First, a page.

Assembly programming on the ti 89
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Assembly Programming on the TI-89. Created By: Adrian Anderson Trevor Swanson. TI-89 Calculator. Released in 1998 as a more portable version of the TI-92, which was much larger and had a QWERTY keyboard. Evaluates and performs algebraic expressions Performs calculus functions

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Assembly Programming on the TI-89

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Assembly programming on the ti 89

Assembly Programming on the TI-89

Created By:

Adrian Anderson Trevor Swanson


Assembly programming on the ti 89

TI-89 Calculator

  • Released in 1998 as a more portable version of the TI-92, which was much larger and had a QWERTY keyboard.

  • Evaluates and performs algebraic expressions

  • Performs calculus functions

  • Can graph in several coordinate systems, including 3D

  • Has “pretty print”, meaning it draws algebraic expressions (such as radicals and exponents) in a mathematical way


Assembly vs ti basic

Assembly vs. TI-Basic

  • TI-Basic is simpler, but more restricted

    - Quick access to high-level features

    - Many ROM functions cannot be called from TI-Basic

    - Strict rules when calling other procedures

    - Must use the graph screen for pixel work in TI-Basic

    • Assembly is much faster

    • Assembly programs cannot be edited on the calculator


Motorola 68k processor

Motorola 68K Processor

  • Sixteen 32-bit registers and one 16-bit Condition Code Register (CCR)

    • The first 8 registers are data registers which can hold values associated with the assembly program

    • The next 8 are address registers which can serve as software stack pointers, index registers, or base address registers. The eighth of the address registers is the user stack pointer, a register which always holds the top value of the system stack

    • The final register, the 16-bit CCR, holds the conditions of the information from the most recent operation. These include carry, overflow, extend, zero, and negative.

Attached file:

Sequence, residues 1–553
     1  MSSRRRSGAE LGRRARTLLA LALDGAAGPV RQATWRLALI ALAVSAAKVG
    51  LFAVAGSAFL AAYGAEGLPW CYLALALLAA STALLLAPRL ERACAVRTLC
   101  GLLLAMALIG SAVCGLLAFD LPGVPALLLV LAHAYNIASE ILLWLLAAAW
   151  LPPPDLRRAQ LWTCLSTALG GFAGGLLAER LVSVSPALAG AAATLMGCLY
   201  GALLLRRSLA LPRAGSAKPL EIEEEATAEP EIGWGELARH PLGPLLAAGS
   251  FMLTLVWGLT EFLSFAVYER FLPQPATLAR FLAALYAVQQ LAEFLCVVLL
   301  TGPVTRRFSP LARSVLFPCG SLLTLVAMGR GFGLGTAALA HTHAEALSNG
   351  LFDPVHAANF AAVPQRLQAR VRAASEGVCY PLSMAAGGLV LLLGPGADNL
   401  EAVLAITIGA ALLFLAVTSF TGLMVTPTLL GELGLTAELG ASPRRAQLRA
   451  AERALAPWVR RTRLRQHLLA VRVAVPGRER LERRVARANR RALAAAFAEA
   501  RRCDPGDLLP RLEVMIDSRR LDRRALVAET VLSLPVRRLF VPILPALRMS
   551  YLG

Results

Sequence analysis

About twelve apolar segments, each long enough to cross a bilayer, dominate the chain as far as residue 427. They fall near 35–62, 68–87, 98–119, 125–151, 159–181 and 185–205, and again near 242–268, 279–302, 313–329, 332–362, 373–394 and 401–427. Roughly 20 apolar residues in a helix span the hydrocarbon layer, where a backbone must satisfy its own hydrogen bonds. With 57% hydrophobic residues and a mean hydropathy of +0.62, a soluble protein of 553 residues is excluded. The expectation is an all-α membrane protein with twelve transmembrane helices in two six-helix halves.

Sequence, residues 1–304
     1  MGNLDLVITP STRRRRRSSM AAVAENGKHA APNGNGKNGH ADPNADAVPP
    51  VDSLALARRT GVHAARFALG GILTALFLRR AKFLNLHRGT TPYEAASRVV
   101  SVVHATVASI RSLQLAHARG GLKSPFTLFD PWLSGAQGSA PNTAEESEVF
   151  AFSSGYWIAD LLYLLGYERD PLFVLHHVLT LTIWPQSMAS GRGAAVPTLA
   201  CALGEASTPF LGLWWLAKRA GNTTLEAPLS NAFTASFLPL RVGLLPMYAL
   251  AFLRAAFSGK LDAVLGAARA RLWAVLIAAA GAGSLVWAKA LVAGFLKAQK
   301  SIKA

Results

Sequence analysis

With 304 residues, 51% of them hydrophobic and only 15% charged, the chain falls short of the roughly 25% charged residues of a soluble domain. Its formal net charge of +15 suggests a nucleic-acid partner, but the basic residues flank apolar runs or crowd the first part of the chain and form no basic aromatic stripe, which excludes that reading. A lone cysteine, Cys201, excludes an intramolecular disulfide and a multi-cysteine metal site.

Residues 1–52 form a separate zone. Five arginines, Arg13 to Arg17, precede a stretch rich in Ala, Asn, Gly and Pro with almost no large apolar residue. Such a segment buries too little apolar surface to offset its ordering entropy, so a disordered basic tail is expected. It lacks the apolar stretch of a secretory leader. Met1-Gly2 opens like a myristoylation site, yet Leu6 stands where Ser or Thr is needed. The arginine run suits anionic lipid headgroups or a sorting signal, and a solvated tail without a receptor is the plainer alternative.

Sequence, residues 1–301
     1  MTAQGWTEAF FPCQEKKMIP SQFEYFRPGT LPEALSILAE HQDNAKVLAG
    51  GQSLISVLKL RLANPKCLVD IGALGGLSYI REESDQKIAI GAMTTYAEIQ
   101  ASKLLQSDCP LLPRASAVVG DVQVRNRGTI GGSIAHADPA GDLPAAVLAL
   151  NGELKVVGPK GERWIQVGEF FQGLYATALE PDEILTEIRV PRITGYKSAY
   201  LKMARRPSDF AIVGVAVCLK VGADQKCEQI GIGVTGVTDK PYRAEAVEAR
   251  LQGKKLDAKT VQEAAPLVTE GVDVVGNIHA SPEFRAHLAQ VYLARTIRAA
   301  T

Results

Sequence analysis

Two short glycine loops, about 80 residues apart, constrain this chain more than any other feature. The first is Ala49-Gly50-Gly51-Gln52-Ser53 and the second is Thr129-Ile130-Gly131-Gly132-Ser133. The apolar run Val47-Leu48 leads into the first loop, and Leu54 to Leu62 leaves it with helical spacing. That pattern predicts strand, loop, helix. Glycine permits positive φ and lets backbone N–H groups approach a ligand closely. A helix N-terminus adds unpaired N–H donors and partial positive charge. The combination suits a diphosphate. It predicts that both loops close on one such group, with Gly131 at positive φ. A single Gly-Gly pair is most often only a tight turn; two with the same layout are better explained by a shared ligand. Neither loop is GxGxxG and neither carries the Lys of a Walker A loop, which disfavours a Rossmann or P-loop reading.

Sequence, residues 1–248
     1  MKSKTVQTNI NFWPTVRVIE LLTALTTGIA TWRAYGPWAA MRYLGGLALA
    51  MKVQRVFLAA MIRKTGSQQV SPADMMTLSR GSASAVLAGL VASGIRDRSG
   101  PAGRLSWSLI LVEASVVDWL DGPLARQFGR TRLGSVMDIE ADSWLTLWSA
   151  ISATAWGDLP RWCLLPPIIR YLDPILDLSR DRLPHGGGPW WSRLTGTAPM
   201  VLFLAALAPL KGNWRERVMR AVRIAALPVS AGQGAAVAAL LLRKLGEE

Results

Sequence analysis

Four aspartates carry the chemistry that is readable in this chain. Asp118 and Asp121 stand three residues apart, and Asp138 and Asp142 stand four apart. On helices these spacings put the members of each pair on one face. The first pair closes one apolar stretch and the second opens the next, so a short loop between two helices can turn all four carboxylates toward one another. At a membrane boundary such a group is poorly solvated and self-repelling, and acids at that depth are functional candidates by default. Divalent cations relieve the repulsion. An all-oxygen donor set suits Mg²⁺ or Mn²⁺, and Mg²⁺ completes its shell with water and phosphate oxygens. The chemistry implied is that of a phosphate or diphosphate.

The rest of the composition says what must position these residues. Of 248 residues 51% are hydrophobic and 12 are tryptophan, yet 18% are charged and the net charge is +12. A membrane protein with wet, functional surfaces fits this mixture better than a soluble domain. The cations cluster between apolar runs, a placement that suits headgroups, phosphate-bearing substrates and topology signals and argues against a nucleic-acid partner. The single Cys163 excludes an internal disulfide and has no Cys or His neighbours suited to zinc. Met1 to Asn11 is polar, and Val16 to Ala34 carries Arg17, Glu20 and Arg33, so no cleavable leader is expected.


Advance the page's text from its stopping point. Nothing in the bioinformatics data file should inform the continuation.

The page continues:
Motorola 68k processor1

Motorola 68K Processor


Assembly length modifiers

Assembly Length Modifiers

  • Adding “.b” to the end of an instruction will make the instruction move data in bytes

  • Adding ".w" to the end of an instruction will cause the processor to treat the arguments as words.

  • Adding ".l" to the end of an instruction will treat the arguments as long words (32 bits).

  • Example: move.w #1,-(a7). Pushes the number 1 to the stack as a word.


Assembly commands

Assembly Commands

  • Movement Instructions

    • move – Moves the data from one address to another

    • movem – Moves data from multiple locations to adjacent memory locations

    • clr – Clears the contents of a register.

    • lea – Loads an address to a register.

    • pea – Pushes data to the stack.

  • Arithmetic Instructions

    • add – Adds the source to the destination, and places it in destination.

    • addx – Like add, but adds 1 if the extend flag is set.

    • sub – Subtracts the source from the destination, and places the result in the destination

    • neg – Subtracts the data in the address from 0.

    • cmp – Subtracts the source from the destination, but does not store the result. Used to change the CCR.

    • muls.w – Multiplies the source by the destination, and places the result in the destination.

    • divs.w – Divides the destination by the source, and places the result in the destination.


Branch instructions

Branch Instructions

  • bra – Sets the Program Counter (PC) ahead by a number of bytes equal to the argument.

  • b(cc) – Sets the PC forward by a number of bytes equal to the argument if a certain condition is set.

  • Condition Tests:

    • cs - True if the Carry bit is set

    • cc - True if the Carry bit is cleared

    • eq - "Equal to Zero" - True if the Zero bit is set

    • ne - "Not Equal to Zero" - True if the Zero bit is cleared

    • vs - True if the Overflow bit is set